Event ‘consistent with an explosion’ near last known location of missing sub – Argentine navy
An unusual sound detected around the time that an Argentine navy submarine sent its last signal before going missing last week was "consistent with an explosion," according to a navy spokesperson. It occurred near the last known location of a missing submarine carrying 44 people.
It comes as a dozen countries conduct a search and rescue mission for the ARA San Juan, which disappeared on November 15. It was believed that those on board could still be alive, but running out of oxygen.
Search teams have been covering an area of some 185,000 square miles (480,000 square kilometers), which is roughly the size of Spain.
Spokesman Enrique Balbi described the November 15 incident as “abnormal, singular, short, violent” and “non-nuclear,” Reuters reported.
Balbi said that relatives of the crew members on board had been informed that the search would continue until there was certainty about the fate of the submarine.
The Comprehensive Nuclear-Test-Ban Treaty Organization (CTBTO), an international organization which works to end nuclear tests worldwide, also said it detected an "unusual signal" near the submarine's last known position on November 15. It said the signal could have been an explosion, but stressed that the exact cause remains unclear.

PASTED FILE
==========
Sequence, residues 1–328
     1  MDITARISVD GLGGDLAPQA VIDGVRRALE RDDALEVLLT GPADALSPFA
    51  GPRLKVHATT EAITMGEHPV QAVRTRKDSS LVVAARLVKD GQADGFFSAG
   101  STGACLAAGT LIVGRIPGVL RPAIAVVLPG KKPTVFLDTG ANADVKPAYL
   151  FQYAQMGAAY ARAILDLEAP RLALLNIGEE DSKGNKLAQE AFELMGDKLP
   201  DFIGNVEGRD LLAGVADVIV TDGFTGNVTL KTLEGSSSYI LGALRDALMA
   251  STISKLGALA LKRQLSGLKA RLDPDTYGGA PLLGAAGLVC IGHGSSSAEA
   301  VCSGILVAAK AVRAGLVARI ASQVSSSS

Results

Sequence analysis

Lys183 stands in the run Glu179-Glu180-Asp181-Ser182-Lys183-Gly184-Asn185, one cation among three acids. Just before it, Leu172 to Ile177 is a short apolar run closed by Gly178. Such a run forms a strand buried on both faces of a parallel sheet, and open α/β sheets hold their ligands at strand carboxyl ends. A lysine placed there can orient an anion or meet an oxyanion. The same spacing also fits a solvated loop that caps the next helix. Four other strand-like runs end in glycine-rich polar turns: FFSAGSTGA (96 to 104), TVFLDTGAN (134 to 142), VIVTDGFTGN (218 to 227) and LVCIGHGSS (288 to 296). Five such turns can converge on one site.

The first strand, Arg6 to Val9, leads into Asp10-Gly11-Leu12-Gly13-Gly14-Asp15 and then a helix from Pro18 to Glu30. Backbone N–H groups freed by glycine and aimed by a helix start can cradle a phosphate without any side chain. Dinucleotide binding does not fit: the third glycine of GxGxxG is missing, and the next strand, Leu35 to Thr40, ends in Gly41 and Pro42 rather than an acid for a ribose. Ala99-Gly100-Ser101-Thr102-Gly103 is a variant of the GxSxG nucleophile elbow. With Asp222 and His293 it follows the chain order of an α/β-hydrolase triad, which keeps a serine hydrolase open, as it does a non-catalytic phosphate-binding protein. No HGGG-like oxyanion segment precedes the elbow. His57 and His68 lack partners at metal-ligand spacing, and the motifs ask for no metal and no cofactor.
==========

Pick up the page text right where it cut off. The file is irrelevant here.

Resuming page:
Our hydroacoustic network detected an unusual signal near the last known position of #missing San Juan #submarine. The signal from an underwater impulsive event was detected 15 Nov 13:51 GMT, Lat -46.12 deg; Long: -59.69 deg. Details & data shared with Argentinian authorities. pic.twitter.com/SU5XHiICb4— Lassina Zerbo (@SinaZerbo) November 23, 2017
Rescue teams have been focusing their efforts on the surrounding area of the “hydro-acoustic anomaly,” which occurred at 30 nautical miles north of the last position whence the submarine had communicated. According to US Navy Lt. Lily Hinz, the sound could not be attributed to marine life or natural ocean noise. “It was not a whale, and it is not a regularly occurring sound,” she said, as quoted by AP.